On March 14th, 75 community members came together in the Gibson Auditorium at Camosun College for a Vital Conversation about youth mental health in our region. With the support of a youth advisory committee convened to help plan this event, the Victoria Foundation, in partnership with Coast Capital Savings and the Children’s Health Foundation of Vancouver Island, led a panel discussion addressing a range of topics including self-care, available supports and services, social media and technology, stigma, and systems navigation. Check back in mid-April for a report with more information about this Vital Conversation.
Do you know of someone in your life who has experienced, or is experiencing, challenges related to mental health? At the Youth Mental Health Vital Conversation, audience members participated in a polling system that projected their answers onto an online word-cloud. The response was unanimous: yes.
I joined the Youth Advisory Committee to host an in-depth conversation that supports youth mental wellness. My goal for the event was to help provide guidance to people seeking support navigating mental health resources. Throughout the planning process, decision making, panel discussion, and follow-up dialogue of the Vital Conversation, I felt my voice was heard and that the voices of those around me were too. The event was the culmination of a lot of meaningful work that I know will have a ripple effect.
What stood out to me most about the Youth Advisory Committee was the decision-making process. Instead of simply picking items from a pre-made list, I was given multiple opportunities to ask questions, provide input, and share ideas. The youth on the committee made every decision for the event from ideas we had gathered together. Whether deciding on questions to ask the panelists or choosing what type of food would be provided at the event, I always felt I was a valued committee member.
The panel discussion was more than I could have hoped for. The range of panel speakers (two youth with lived experience and three adults with lived experience/field expertise) were exactly as the panel had discussed. In addition, the list of questions provided to the moderator to ask the panelists sparked thoughtful audience participation.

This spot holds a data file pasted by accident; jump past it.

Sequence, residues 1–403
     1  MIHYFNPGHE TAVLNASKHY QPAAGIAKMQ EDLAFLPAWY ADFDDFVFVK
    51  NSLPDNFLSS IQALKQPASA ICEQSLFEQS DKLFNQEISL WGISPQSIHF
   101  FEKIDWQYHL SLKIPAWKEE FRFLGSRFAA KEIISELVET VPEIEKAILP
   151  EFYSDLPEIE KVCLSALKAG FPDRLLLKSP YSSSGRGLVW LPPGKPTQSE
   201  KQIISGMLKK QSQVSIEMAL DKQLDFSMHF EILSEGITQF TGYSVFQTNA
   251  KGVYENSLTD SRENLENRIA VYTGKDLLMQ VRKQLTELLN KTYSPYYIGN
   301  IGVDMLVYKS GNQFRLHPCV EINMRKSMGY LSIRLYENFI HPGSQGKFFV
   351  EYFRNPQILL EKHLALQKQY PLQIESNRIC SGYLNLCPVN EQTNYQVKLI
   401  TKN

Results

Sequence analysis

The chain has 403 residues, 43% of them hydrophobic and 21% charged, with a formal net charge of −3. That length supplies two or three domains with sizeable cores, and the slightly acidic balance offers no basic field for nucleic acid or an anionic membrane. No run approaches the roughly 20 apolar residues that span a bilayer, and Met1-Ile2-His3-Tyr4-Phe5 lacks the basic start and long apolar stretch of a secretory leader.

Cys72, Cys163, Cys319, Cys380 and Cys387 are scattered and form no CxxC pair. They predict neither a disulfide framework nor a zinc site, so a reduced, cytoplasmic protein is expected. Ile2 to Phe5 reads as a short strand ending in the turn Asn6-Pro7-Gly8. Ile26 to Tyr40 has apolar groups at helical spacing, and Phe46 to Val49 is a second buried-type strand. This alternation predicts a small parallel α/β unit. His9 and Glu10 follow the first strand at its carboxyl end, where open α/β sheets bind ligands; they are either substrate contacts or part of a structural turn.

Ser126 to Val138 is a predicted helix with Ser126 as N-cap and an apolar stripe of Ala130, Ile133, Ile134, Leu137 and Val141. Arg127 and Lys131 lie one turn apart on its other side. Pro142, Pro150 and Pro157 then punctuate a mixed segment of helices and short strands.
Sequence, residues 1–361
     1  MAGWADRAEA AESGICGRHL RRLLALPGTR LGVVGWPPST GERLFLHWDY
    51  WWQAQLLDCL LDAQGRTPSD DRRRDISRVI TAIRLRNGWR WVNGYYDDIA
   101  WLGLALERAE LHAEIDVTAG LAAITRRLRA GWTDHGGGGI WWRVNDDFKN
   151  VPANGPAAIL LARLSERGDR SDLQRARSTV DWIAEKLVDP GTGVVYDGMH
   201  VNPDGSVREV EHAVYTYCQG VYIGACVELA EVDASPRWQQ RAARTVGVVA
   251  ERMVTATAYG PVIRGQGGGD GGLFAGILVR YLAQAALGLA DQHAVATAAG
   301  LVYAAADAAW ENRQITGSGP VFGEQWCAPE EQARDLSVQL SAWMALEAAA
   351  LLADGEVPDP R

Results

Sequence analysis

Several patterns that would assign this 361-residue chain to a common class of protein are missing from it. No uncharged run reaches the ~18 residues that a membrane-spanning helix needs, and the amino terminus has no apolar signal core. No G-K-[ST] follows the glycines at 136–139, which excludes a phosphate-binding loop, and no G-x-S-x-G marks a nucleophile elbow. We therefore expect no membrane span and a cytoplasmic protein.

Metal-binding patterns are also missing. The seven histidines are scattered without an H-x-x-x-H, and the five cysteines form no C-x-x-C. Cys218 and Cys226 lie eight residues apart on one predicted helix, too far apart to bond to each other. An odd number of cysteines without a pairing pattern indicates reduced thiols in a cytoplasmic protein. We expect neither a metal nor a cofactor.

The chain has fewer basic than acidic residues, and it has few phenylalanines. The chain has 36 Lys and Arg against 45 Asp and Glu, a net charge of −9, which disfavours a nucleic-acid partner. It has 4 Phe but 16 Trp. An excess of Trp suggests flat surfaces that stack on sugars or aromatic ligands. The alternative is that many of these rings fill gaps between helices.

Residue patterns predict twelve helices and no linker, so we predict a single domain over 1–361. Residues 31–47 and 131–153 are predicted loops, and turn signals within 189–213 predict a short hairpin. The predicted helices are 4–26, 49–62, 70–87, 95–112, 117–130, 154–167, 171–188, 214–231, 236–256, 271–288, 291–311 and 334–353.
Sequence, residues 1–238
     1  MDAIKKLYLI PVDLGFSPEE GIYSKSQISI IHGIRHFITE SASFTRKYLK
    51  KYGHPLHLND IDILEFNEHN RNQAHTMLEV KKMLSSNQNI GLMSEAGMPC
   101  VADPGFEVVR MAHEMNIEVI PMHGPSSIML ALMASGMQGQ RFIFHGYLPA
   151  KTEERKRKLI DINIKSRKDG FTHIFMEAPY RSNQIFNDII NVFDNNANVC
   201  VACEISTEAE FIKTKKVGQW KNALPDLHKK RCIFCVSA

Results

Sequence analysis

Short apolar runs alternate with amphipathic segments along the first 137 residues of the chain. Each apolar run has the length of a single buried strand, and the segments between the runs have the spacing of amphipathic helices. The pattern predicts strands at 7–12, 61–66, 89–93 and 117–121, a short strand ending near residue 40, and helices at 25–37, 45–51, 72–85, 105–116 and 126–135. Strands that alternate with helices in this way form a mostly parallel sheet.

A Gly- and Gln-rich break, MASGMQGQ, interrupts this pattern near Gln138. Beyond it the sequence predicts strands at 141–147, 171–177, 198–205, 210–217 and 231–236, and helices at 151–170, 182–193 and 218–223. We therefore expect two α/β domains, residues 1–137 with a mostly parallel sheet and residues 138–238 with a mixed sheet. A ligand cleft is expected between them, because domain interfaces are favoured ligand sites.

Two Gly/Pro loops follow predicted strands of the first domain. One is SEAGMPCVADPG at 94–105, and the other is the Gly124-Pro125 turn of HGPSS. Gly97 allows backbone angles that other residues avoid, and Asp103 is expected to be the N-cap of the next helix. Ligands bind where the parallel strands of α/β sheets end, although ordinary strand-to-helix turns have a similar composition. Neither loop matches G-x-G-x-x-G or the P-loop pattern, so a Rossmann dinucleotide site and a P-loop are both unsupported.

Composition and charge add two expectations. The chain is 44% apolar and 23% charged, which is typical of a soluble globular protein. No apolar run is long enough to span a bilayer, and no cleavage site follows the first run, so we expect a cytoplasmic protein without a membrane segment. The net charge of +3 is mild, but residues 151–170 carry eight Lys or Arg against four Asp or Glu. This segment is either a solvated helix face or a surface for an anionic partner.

From my perspective after engaging in conversation with the event attendees after the panel discussion, many attended the Vital Conversation seeking to understand the variety of mental health resources available or were attending because they themselves knew of/ were/are affected by challenges related to mental health. Leaving the event, I think many were made aware of the diverse situations people face and were able to find reassurance and solace in connecting. For example, a large area of concern was youth transitioning into adulthood. The panelists were excellent in describing local resources in detail. Afterwards, the dialogue continued as youth and community members bounced community support ideas off of each other.
These conversations are necessary. Educators, parents, and youth came up to me, thanking me for opening the discussion surrounding mental health, an often-stigmatized topic of conversation. The big takeaway for me from this Vital Conversation was to listen without judgement, and to answer questions fully instead of shrugging them off. This builds understanding and promotes self-care.
I can say with confidence that participating in the Youth Mental Health Vital Conversation has been a highlight in my life. It has even led to my leadership in creating a Mental Health Initiative at school to promote mental wellness.
I learned about the Youth Mental Health Vital Conversation through my work as Youth Get It Intern with Coast Capital Savings and as a Vital Youth with the Victoria Foundation. I hope that others took away as much from this discussion as I did, and that the Vital Conversations series continues!
˜ Shae-Linn Davies, gr. 12